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Have you been hacked? What to do after the Equifax data theft

The credit reporting company Equifax Inc. said Thursday that a massive breach of the company’s computers might have exposed the personal information of 143 million Americans.
RHONA WISE/European Pressphoto Agency
The credit reporting company Equifax Inc. said Thursday that a massive breach of the company’s computers might have exposed the personal information of 143 million Americans.

If you’re an adult American, there’s a very good chance your identity just got stolen. And if you’re not worried about it, now would be a good time to start.

The credit reporting company Equifax Inc. said Thursday that a massive breach of the company’s computers might have exposed the personal information of 143 million Americans — more than half of the adult population.

“Everyone should assume that their data may have been lost in this breach,” said Michael Kaiser, executive director of the National Cyber Security Alliance in Washington. “And everyone should review and make sure they are implementing the most basic cybersecurity practices.”

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Almost every week brings new reports about major breaches, and they’ve become so common it’s easy to become jaded and indifferent. Last year Yahoo disclosed a breach of 1 billion accounts. The Equifax breach seems trivial by comparison.

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But it’s not. The Yahoo theft contained little personal information. But the Equifax raid swept up highly sensitive information, the crown jewels of personal identity data: names, Social Security numbers, birthdates, addresses, and, in some instances, driver’s license numbers. It may be the worst such theft ever.

Thieves can use that data to impersonate people, obtain credit cards and bank loans in their names, and even file fake claims for tax refunds.

While credit cards can be canceled, names and Social Security numbers cannot. The stolen data can literally last a lifetime.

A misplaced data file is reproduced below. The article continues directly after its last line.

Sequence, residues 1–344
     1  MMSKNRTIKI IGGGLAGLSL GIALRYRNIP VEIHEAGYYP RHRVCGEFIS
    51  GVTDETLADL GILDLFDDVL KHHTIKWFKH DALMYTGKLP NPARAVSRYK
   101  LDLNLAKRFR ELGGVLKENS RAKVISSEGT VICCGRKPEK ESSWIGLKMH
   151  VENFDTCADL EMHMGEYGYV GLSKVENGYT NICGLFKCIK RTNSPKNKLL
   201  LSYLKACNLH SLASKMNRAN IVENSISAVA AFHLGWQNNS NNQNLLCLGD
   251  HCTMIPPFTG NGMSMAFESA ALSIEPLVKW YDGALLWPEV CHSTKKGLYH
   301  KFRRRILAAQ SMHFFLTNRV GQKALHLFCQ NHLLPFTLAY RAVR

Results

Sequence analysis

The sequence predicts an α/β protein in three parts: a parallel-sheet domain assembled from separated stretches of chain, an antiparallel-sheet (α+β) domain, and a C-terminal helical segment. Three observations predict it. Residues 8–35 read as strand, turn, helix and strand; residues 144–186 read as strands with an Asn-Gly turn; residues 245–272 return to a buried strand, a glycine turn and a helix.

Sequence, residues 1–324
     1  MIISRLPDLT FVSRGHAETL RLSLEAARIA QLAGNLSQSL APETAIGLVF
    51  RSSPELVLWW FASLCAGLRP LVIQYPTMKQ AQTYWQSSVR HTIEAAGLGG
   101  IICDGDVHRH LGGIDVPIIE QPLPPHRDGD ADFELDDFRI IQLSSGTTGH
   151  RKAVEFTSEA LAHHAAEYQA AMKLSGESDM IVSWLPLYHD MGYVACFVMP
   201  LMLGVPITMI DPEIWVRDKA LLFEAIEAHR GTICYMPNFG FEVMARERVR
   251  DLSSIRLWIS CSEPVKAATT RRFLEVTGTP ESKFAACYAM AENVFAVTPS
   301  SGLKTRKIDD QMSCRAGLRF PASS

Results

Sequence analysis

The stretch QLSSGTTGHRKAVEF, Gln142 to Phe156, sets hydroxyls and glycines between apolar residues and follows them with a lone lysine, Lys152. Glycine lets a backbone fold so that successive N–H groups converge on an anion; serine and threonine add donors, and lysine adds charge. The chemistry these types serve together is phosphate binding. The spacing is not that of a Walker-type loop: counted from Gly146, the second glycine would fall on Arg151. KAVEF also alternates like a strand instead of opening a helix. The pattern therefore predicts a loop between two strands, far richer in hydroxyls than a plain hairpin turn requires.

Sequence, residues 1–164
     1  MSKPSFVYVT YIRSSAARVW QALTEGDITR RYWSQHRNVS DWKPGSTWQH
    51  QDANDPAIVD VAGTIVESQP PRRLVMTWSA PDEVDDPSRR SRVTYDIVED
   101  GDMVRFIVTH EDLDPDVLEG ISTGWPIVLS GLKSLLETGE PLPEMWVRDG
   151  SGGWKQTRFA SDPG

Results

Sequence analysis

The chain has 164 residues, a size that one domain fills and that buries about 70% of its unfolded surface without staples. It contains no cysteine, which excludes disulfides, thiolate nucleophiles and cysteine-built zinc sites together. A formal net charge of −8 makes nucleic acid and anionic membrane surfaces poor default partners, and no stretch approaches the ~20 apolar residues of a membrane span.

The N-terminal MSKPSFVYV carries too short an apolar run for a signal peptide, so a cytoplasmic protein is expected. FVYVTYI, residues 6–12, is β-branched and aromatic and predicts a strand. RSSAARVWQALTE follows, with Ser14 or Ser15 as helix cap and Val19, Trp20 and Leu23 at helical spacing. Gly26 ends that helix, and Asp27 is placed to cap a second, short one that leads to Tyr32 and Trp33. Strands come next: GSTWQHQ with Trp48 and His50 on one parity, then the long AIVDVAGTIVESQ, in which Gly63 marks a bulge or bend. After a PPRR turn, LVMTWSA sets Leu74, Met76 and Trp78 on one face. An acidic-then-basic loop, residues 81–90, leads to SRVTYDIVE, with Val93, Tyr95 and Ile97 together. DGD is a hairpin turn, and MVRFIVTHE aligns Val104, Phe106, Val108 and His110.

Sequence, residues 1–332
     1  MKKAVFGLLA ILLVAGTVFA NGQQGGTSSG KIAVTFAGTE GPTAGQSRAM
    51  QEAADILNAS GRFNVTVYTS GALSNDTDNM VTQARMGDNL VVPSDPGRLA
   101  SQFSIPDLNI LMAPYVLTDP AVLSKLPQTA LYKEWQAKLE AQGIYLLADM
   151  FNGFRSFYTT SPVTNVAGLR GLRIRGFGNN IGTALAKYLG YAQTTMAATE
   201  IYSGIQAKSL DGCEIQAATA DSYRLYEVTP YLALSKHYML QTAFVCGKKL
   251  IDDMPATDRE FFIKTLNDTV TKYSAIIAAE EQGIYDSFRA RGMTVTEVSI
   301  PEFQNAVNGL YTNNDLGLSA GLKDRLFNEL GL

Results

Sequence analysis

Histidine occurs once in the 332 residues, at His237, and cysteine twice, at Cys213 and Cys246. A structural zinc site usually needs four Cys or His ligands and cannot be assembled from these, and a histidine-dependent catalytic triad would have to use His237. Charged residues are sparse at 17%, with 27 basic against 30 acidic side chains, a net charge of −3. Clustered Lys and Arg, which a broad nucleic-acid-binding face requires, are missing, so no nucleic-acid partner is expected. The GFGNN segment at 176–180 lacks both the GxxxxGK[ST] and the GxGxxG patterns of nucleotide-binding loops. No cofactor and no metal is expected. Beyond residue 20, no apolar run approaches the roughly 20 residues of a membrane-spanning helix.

Equifax said the theft included credit card information for about 209,000 Americans. But Kaiser points out credit card theft is a manageable threat because “credit cards, by their nature, have fairly strong fraud protection.”

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These include automatic detection of fraudulent purchases and shielding consumers from financial losses if phony charges are reported quickly. Consumers should keep close tabs on their credit and debit card bills, and quickly report any questionable transactions.

The threat of identity theft is more severe. Equifax is offering a monitoring service to inform consumers of any checks of their credit data. Say a criminal tries to obtain a credit card using a stolen name and Social Security number. The card issuer would run a credit check, and the Equifax service would notify the victim that a particular bank was examining his financial records. The victim could immediately contact the bank and warn it not to issue a card under his name.

Consumers are entitled by law to a free copy of their credit reports once a year that can be obtained at annualcreditreport.com; some other services also offer free reports.

Equifax is also offering a total credit freeze that bans any institution from reviewing a user’s data without explicit permission.

But the Equifax offer has its limits. When a Globe reporter signed up for it, an on-screen message said coverage wouldn’t be available until Sept. 14. And the company won’t send an e-mail reminder, but rather users will have to remember to log in and activate the service. Also late Friday Equifax bowed to criticism and clarified that users of its free service would not be signing away their rights to take legal action against the company.

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Also, Equifax can only offer a credit freeze on its own database. Criminals could still target businesses that use the other two major credit reporting companies, TransUnion Co. and Experian PLC. Consumers will have to sign up for a credit freeze separately at each, at fees ranging from $5 to $10.

And the Equifax protection is free for just one year, and then costs about $20 a month for a similar level of protection.

Michael Figueroa, executive director of the Advanced Cyber Security Center in Bedford, said temporary monitoring is not effective, because criminals can use the stolen data indefinitely.

“That personal information does not get dated. It uniquely identifies us for our entire lifetime,” Figueroa said.

Since banks don’t charge extra to monitor and warn customers of irregularities, Figueroa said the three credit reporting companies should provide the same free service for the consumer’s entire life.

Kevin Mitnick, chief hacking officer at Florida data security firm KnowB4, said consumers should regularly check with the Internal Revenue Service in case identity thieves use their Social Security numbers to file for phony tax refunds. Consumers can sign up for free downloads of their tax data, to make sure no one else has filed in their names.

Hiawatha Bray can be reached at hiawatha.bray@globe.com. Follow him on Twitter @GlobeTechLab.